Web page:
Soil sampling materials were collected in Piracicaba – SP, Brazil, from a Red-Yellow Oxisol (S1) and a Red Alfisol (S2). Samples were removed from 0.20 to 0.50 m layer. After being collected, soil samples were dried, crushed and sieved through a 0.002 m screen resulting in an air-dried fine earth (ADFE). Then, they were submitted to particle size, physical and chemical analysis to generate information on soil at initial conditions.

Soil physical characteristics is presented in Table 1, which are important to understand water movement, and also solute movement. S1 is classified as medium texture and S2 as clayey, according to classification proposed by EMBRAPA (2006). Moreover, it can be seen a greater amount of sand in S1, being superior to S2, while the latter has higher amount of silt.

TABLE 1 Soil physical characterization. 

Characteristics S1 S2
Particle size (g kg-1)
Clay (< 0.002 mm) 198 402
Silt (0.053 – 0.002 mm) 32 138
Total sand 770 460
Coarse sand (2.00 – 0.210 mm) 320 210
Fine sand (0.210 – 0.053 mm) 450 250

Soil Textural Class* Medium Clayey

Soil Bulk Density (kg dm-3) 1.23 1.23

Particle Density (kg dm-3) 2.60 2.73

Porosity (%) 52.69 54.94

* Classification according to EMBRAPA (2006)

Table 2 shows the chemical characterization of the soil samples.

TABLE 2 Soil chemical characterization. 

Parameters S1 S2 Parameters S1 S2
pH (CaCl2) 6.2 6.2 Al (mmolc dm-3) 0 0
O.M. (g dm-3) 13 27 Base sum (mmolc dm-3) 34 60
P (mg dm-3) 3 3 CEC (mmolc dm-3) 49 78
K (mmolc dm-3) 2.0 2.8 Base Saturation (V%) 69 77
Ca (mmolc dm-3) 22 34 Al Saturation (m%) 0 0
Mg (mmolc dm-3) 10 23 S (mg dm-3) 14 15
H+Al (mmolc dm-3) 15 18

It was observed in Table 2 for both soils, pH values higher than 6.0, which is considered by RAIJ et al. (1996) a very high value. Base saturation is also within high and very high levels, respectively for S1 and S2.

Table 3 shows results of sulphuric acid attack analysis of soils that aims to determine silicon, iron and aluminum. It can be also noted through this table Ki and Kr indexes for both soils, such relations are determined by calculations based on sulphuric attack results. Ki is a weathering index, represented by the division of the most mobile element by the least one during weathering. Therefore, the lowest values of this index represent higher weathering. In turn, Kr represents the division of the most mobile element (Si) by the sum of elements of low mobility (Fe and Al), and such as Ki, that index is the soil weathering level.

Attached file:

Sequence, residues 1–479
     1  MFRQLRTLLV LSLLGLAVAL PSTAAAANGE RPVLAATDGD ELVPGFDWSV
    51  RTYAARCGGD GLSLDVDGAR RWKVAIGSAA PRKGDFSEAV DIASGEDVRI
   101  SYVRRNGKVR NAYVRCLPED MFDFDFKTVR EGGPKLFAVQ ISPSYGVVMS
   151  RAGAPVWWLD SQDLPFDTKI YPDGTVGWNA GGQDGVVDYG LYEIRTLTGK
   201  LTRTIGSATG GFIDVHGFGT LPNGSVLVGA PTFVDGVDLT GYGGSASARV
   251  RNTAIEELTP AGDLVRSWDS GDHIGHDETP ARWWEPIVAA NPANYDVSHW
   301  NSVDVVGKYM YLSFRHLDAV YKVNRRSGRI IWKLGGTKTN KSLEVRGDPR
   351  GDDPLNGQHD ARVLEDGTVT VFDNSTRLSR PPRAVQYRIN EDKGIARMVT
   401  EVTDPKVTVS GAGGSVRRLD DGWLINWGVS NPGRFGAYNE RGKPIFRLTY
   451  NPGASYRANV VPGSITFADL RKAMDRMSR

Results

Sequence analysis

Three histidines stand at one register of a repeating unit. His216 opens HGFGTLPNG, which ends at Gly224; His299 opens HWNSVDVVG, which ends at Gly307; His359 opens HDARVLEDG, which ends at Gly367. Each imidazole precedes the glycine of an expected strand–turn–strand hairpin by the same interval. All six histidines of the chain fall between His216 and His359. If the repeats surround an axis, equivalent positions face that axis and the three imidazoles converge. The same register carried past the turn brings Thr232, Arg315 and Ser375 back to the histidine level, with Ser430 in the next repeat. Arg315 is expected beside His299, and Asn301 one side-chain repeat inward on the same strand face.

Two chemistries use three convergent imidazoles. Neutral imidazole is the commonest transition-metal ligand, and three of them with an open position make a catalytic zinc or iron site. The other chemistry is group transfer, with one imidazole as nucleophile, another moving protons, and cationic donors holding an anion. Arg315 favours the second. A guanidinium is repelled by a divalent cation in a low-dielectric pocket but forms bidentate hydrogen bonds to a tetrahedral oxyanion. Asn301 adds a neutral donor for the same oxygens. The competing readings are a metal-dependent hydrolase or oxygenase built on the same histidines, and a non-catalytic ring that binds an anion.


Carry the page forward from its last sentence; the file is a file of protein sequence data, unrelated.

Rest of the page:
TABLE 3 Soil sulphuric acid attack analysis. 

Parameters (%) S1 S2
Fe2O3 11.58 32.18
Al2O3 4.00 10.40
SiO2 7.30 13.70

Indexes S1 S2

Ki 3.10 2.24
Kr 1.09 0.75

Columns were uniformly filled with disturbed soil material, and soil has been previously measured, using the same soil amount for the columns; then, soil was added in layers, and a wooden disc with a smaller diameter than the column lightly compressed each overlay.

The used columns had on the bottom a synthetic fabric circle over a screen fixed by a screw threaded cap. To maintain a constant hydraulic pressure of 0.1 m, a drain was installed at the top of the column to remove water excess, since the volume of solution applied was greater than the ground water flow; and thus, there was no absence of hydraulic head. The soil column had the following dimensions 0.205 m of height and 0.05 m in diameter.

To start the test, it was first necessary to saturate the soil column with distilled water slowly, by capillarity, aiming to expel air out of micropores. The column was placed into a bucket and then distilled water was poured by dripping along the bucket sidewalls to cover two thirds of the column height. Thereafter, the set was left to stand for 24 hours to complete saturation. After 24 hours (saturation period), starts the soil "washing out" with distilled water through the column for a period of at least 24 hours, and all ions present in the soil solution and the exchange complex would be removed by percolating water.